Spyware authors and phishing fraudsters yanked an old scam out of the
playbook Wednesday by directing malicious code at Internet users who may be
prone to typing or spelling deficiencies, according to security researchers.
Finnish security firm F-Secure said they discovered an attack aimed at Web
surfers attempting to land on Google’s
homepage, but who may have mistyped the Web address.
Internet users who punch in “Googkle.com” are treated to a host
malicious code, as the computer gets slammed with a heap of the unwanted
software that is automatically downloaded and installed. The malware
includes: Trojan droppers, Trojan downloaders, backdoors, a proxy Trojan and
a spying Trojan. A few adware-related files are also installed, the firm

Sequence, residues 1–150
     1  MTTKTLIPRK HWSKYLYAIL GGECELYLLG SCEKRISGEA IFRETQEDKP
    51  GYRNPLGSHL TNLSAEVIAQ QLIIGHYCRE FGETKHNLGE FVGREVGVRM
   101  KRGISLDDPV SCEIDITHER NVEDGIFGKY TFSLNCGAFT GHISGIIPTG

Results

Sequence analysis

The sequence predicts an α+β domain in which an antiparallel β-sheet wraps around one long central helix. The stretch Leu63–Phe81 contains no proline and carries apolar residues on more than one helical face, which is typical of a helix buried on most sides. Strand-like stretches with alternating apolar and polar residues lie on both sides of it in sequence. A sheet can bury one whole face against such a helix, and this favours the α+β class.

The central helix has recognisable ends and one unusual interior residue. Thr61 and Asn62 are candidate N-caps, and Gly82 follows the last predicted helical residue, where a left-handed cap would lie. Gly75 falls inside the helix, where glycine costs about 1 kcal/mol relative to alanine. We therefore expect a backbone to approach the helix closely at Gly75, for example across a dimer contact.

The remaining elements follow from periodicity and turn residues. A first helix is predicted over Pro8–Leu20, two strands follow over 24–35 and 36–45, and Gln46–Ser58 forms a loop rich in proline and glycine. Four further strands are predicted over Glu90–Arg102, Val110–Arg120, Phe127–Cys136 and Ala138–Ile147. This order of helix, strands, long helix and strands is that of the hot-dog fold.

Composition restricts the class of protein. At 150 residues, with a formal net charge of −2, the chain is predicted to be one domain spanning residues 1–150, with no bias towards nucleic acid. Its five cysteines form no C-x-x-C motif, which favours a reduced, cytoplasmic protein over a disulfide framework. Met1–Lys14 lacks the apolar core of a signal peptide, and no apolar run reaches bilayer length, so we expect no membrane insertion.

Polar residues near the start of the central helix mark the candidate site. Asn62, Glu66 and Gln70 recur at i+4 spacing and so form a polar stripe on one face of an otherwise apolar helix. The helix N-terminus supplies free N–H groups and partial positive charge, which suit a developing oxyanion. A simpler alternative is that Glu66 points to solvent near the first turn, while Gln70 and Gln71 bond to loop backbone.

“Our investigation revealed that the whole infection starts from the
‘googkle.com’ Web site. This Web site, as well as a few related Web sites are
owned by people with Russian names. Also, several malicious files that are
downloaded from these Web sites have Russian texts,” F-Secure said in a
When “googkle.com” opens in a browser, it shows two popup windows
that are linked to several Web sites, F-Secure said. The first popup reveals
a phishing-style Trojan that requests individuals’ online banking
information. The other deposits phony antivirus alerts on the desktop and
attempts to pull victims into other infected sites.
The phony alert is created by changing an HTML file on the desktop that
allows the user to click on the notice. It leads the victim to
‘topantivirus.biz,’ which in turn provides links to other Web sites,
according to F-Secure.